b) The exact departure location of scientists from USA: A flight from Los Angeles to Vienna emits 1.8 times more tCO2e than a flight from New York City to Vienna [17]. We assume that a ratio of 70% of scientists depart from Washington DC and 30% from Los Angeles is representative to account for longer journeys (but therefore probably also fewer scientists) from Midwestern, Southern USA or the West Coast. Assuming 50% of scientists from the USA depart from Washington and 50% from Los Angeles, would increase the emission of those by 17%. As the USA contribution to the overall carbon dioxide emissions of EGU travel is 20%, this uncertainty accounts for less than 4% in total.

c) The exact departure location of scientists from China: We assume that all scientists from China fly in from Beijing. A flight from Shanghai emits less than 20% more tCO2e than a flight from Beijing. Assuming half of the scientists from China flew in from Shanghai, this would increase China's emission by 10%. Taking into account that China contributes 20% to the overall emissions of EGU travel, this uncertainty is less than 2% in total.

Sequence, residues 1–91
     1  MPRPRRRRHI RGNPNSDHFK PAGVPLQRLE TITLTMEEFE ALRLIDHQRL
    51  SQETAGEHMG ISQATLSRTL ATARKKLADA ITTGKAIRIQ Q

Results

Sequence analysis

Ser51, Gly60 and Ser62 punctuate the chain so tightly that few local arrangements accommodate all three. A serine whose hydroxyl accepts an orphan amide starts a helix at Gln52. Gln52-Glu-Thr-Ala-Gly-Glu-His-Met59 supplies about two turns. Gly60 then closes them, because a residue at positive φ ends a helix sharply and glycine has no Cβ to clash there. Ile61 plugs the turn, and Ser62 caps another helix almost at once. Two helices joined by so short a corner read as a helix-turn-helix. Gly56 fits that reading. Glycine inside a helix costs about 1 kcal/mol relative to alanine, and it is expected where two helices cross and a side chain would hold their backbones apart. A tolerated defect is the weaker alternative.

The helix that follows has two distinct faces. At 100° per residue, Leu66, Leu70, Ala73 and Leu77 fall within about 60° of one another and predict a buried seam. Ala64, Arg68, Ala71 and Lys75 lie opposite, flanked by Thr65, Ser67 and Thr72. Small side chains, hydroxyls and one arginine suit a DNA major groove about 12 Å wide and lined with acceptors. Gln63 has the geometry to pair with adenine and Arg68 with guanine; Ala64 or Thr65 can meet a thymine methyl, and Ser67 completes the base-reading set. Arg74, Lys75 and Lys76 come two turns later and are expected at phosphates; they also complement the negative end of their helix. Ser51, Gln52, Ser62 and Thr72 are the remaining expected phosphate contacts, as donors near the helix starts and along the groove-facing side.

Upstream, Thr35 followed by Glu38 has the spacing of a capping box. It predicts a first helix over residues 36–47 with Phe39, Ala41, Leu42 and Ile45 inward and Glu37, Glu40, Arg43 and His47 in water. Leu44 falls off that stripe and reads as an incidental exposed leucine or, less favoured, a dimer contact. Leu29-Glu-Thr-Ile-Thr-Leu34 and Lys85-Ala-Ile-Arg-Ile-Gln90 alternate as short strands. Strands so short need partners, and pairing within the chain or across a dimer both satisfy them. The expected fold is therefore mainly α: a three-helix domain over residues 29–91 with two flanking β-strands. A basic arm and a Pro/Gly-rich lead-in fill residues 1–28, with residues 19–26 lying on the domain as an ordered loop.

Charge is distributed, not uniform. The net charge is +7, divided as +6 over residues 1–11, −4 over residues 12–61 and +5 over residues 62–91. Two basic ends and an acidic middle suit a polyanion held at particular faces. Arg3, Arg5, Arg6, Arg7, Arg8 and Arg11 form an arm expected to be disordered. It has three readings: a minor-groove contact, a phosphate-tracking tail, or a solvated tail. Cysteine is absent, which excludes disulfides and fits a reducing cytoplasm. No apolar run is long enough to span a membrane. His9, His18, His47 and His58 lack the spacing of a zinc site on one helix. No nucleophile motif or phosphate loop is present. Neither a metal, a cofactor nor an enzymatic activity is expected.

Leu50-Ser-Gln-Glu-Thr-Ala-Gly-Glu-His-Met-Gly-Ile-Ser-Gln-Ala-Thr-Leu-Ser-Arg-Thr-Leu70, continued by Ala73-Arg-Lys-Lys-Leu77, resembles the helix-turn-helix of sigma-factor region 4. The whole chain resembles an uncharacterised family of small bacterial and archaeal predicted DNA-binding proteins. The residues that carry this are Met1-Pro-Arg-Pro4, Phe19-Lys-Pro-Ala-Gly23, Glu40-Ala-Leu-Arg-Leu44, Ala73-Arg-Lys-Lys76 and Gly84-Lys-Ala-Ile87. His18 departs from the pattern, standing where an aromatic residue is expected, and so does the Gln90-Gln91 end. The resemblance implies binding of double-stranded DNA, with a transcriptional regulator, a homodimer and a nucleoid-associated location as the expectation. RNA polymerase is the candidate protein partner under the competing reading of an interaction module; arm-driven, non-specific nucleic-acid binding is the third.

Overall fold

d) Similar arguments hold for the exact departure locations of scientists from Canada, Brazil, Australia, and India. Smaller countries like New Zealand, Taiwan, South Korea, contribute even less to the uncertainty.

e) The carbon dioxide equivalent emissions of rail journeys. These are assumed to be 30gCO2e / km / person [13, 14, 15, 16], which can be considered as an European average. Emissions from individual trains can, however, be lower by an order of magnitude depending on the type of train (electric, diesel, highspeed or regional), the local energy mix (for electric trains), number of passengers, etc. The highspeed train in France is estimated to emit only 3gCO2e / km / person [21], due to a very low carbon electric grid, but average trains in the UK emit 40gCO2e / km / person [16] as many services are not electrified and diesel trains are used instead. As the contribution of rail journeys to the overall carbon footprint of EGU-related travel is negligible (<1%), the uncertainty here is negligible too.

f) Indirect rail journeys. We assume great circle distances of rail journeys such that we likely underestimate the actually travelled distance. However, this error is within a factor of 2. Since the contribution of rail travel to the overall carbon emissions is very small, the resultant uncertainty in the overall budget is negligible.